If you've ever struggled to pick between a smooth glass of cabernet or a zesty sauvignon blanc, things are about to get a lot harder. The Spanish company Gik has finally managed to bring its infamous blue wine to America, and it will start hitting the shelves in Miami, Boston, and Texas this September, Eater reports.
Every year during Emmy Award season, Padma Lakshmi has one thing on her mind: Losing weight. In a recent column for The Hollywood Reporter, the model revealed that she consumes somewhere between 5,000 and 8,000 calories a day and gains between 10 and 17 pounds a year while filming for Top Chef. But come award season, she tries to lose all the weight and fit into a "size 0" dress.
Earlier this week, the nonprofit Truth in Advertising (TINA) said that it conducted an investigation into Gwyneth Paltrow's lifestyle site, Goop. Its findings led them to file a complaint with two California district attorneys claiming that the public platform is making "inappropriate health claims" and using "deceptive marketing tactics." They hope that drawing attention to the negligence will urge lawmakers to shut down the site, or at least urge Goop to make significant changes to its content.
Muck Rack makes it simple to find people, tweets, or articles that mention any name, keyword, company, hashtag etc. We've compiled this guide to help you make the most of your search.
Selecting a term
Start searching tweets, articles from media outlets, articles mentioned in tweets, journalists'
names, titles and bios with some suggested searches:
Companies or Topics (e.g. iPhone, Microsoft)
Phrases (e.g. "cloud computing") — use quotes to keep the terms together
Twitter handles (e.g. @username) — returns those who have mentioned or replied to
Names (e.g. "David Pogue")
Hashtags (e.g. #sxsw, #london2012)
Bio details (e.g. vegan, Olympics, father)
Muck Rack's Advanced Search allows for many boolean operators.
Find results that mention multiple specified terms, use AND or
+. For example, ensure each result contains both Elon Musk and Mark Zuckerberg by
searching Obama AND Romney or Obama + Romney.
Use the operators OR or , to broaden your search when you'd like either of
multiple terms to appear in results. (This is the default behavior of our search when no operators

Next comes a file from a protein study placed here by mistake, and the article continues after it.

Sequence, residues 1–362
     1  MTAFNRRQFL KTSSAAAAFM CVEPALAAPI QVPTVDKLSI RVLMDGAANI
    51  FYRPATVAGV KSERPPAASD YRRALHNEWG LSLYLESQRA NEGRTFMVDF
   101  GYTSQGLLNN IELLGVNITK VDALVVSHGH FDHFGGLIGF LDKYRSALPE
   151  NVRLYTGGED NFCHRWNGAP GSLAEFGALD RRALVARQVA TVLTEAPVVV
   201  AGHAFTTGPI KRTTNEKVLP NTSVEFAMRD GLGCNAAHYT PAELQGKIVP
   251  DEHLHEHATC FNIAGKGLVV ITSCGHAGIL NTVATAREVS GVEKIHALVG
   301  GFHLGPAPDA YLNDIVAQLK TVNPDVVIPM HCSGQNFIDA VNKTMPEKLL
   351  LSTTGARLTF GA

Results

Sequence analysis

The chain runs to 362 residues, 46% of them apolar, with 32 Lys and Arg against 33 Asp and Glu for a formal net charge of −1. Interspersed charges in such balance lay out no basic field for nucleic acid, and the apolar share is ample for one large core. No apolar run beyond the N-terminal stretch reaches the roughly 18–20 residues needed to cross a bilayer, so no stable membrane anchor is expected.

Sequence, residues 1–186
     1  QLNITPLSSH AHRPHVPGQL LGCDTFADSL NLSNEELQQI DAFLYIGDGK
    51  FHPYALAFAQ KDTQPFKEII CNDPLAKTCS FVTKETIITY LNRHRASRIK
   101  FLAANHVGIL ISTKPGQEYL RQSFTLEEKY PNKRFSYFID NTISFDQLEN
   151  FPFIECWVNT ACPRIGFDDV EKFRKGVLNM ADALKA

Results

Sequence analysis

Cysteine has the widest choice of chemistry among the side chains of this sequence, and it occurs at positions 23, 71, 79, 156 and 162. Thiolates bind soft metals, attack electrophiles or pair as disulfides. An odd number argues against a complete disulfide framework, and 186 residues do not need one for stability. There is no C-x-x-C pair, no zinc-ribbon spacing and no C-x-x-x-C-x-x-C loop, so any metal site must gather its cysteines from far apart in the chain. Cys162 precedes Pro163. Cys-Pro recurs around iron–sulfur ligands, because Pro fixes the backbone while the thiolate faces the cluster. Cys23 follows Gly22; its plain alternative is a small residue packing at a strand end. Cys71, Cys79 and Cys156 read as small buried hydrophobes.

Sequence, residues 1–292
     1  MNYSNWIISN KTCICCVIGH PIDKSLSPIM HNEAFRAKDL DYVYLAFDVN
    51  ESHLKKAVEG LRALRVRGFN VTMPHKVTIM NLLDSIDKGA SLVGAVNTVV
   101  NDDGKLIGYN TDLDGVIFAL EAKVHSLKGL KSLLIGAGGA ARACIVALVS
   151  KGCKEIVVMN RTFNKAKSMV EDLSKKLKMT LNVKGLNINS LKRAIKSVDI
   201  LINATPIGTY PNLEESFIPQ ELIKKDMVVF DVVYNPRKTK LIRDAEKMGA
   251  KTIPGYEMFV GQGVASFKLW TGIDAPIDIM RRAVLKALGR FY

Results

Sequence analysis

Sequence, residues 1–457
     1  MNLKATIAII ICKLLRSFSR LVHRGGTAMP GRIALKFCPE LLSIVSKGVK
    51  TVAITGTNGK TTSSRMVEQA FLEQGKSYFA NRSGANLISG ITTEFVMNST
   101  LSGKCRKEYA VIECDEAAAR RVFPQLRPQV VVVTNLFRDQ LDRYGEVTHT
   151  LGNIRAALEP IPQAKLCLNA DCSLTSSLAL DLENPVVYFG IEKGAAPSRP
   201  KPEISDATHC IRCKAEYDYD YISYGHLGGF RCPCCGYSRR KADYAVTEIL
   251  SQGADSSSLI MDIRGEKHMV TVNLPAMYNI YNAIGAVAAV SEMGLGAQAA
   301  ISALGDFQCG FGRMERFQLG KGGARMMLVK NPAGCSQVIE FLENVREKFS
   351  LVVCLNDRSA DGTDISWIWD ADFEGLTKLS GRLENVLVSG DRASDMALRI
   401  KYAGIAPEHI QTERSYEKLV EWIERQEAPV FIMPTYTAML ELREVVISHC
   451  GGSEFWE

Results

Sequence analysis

are used.) For example, search for democrat OR republican to find results that refer to
Democrats and/or Republicans.
Use NOT or - to subtract results from your search. For
example, searching Disney will yield results about the Walt Disney Company as well as Walt Disney
World Resort. To exclude mentions of Disney World, search for Disney -World or Disney
When using one of these operators with a phrase, enclose it in quotation marks. For example, you can
find results about smartphones excluding Apple's iPhone 4S by searching smartphone -"iPhone
Exact case matching or punctuation
If you're searching for a brand name or keyword that relies on specific punctuation marks or capitalization, you can
find results that match your exact query by adding matchcase: before the keyword you're searching for, like matchcase:E*TRADE .
Use parentheses to separate multiple
boolean phrases. For example, to find journalists talking about having fun in Disney World or
Disneyland, search for ("disney world" OR disneyland) AND fun.
An asterisk can be used to search for any variation of a root word truncated by the asterisk. For example, searching for admin* will return results for administrator, administration, administer, administered, etc.
A near operator is an AND operator where you can control the distance between the words. You can vary the distance the near operation uses by adding a forward slash and number (between 0-99) such as strawberries NEAR/10 "whipped cream", which means the strawberries must exist within 10 words of "whipped cream".